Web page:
The following manuscript was submitted to the November 2017 Military Medicine theme issue.
“How are you doing this morning, Mr. Tracy? Sorry we’re running late. You’ve been waiting an hour.”
“Pretty good. How ‘bout you, doc? Thanks for seeing me so early.”
“Sure, no problem, it’s only 9 a.m.; it’s not early at all; it’s my pleasure. Where are you coming in from today?”
“Well, you know, had little bit of a ride this ‘morn — live about 150 miles east of here; got up ‘round 4 a.m.; had a good ride on my bike.”
“You ride a motorcycle?”
“You bet. An old Harley my pops and I built back in the 80s. Most faithful thing in my life.”
“That’s great. I raced motocross as a teenager. There’s something exhilarating about being on the bike. Such a high, but also so dangerous!”
“Yah, I never got into those dirt bikes — buddy of mine back in ’76 crashed and wound up a cripple. Scares the shit out of me!”
“Well, thanks so much for being on time. Sorry about the wait. Let’s check out this cancer here, and see what we’re going to do. How long has it been there?”
“Yeah, you know, it’s been there for a bit — maybe a year or so, and I don’t care too much about what I look like. I just thought that was some bump on my nose, but apparently one of my friends, a real good fella, told me my nose ain’t right, so I ended up at a local dermatologist. They cut some little piece out, and I guess you’re going to take out the rest.”
“Yes, you have fairly large squamous cell carcinoma that will require excision with some sort of reconstruction. I see that you were exposed to Agent Orange during the war?”
“Yeah, boy those were some crazy days, but yeah they would rain that stuff down on us just about as often as it would pour down there in ‘Nam!”
“Sorry about that. We’ll never know for sure if your cancer was caused by that, but it certainly didn’t help. Sun exposure is usually the culprit. Based on what I see today, the area of cancer looks fairly extensive, and unfortunately, I think we’ll have to resect about half of your nose, which will then require a sequence of reconstructions to make things look right. I’m going to ask you various other questions, and try and get you a slot in the anesthesia preoperative clinic today, so that we can operate in the next week or so.”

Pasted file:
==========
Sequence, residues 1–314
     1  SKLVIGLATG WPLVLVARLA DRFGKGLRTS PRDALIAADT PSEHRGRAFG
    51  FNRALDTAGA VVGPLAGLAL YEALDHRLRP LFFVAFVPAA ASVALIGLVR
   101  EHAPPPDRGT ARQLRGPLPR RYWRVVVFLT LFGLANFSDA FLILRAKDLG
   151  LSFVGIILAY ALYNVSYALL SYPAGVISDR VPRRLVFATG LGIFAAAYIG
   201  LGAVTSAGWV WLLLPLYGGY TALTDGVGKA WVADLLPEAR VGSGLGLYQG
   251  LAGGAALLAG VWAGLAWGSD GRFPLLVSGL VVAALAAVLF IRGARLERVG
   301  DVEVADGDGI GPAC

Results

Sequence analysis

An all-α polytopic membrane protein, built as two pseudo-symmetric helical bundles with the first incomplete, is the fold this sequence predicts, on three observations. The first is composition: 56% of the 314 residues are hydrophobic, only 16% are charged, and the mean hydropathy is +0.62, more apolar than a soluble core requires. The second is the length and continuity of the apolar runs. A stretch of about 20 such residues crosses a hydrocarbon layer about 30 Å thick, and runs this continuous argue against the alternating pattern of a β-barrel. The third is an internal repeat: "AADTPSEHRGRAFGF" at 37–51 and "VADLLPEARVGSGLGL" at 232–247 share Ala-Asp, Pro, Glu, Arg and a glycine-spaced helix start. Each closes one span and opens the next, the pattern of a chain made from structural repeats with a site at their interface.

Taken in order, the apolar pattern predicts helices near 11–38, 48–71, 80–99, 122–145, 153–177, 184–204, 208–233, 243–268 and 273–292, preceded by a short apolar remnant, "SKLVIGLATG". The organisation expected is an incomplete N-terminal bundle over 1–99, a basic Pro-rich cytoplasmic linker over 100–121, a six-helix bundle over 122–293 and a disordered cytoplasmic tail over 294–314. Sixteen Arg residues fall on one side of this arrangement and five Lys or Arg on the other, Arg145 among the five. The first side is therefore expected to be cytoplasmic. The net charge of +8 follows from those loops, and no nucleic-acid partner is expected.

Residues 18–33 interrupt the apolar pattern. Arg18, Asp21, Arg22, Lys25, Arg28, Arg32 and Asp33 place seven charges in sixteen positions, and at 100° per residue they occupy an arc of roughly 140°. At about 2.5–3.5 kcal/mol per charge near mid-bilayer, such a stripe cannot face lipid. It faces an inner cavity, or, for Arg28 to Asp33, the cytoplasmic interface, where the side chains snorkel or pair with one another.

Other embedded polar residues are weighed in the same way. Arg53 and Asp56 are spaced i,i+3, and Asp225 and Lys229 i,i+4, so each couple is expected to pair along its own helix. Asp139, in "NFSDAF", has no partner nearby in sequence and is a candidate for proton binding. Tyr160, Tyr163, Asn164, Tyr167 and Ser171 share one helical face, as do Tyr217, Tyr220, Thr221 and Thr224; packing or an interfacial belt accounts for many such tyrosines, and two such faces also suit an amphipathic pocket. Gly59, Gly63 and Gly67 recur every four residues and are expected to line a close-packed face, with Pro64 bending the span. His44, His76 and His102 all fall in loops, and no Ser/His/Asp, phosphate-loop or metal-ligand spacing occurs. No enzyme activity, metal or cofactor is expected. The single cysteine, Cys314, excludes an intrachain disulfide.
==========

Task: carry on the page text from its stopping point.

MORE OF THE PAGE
I call anesthesia, and they explain that they’re totally booked for the day, and they cannot see Mr. Tracy. I plead with them given his drive, but they’re unwavering. They compromise with an appointment later in the week. I go back into the room to tell Mr. Tracy he’ll have to come back, despite his long journey.
“Don’t worry, doc. You folks are the best. You’re all working so hard. They’ll get to me when they can.”
The patient doesn’t show for his anesthesia visit later that week. I call the patient to ask why he missed, “Well you know, doc. Sometimes I have a really bad night and can’t sleep. Ever since the war, they say I have that PTSD, but I don’t really know if that’s a thing. I’ve done the treatments and all, and met with the VA PTSD people. I just do my thing, and some days don’t work out.“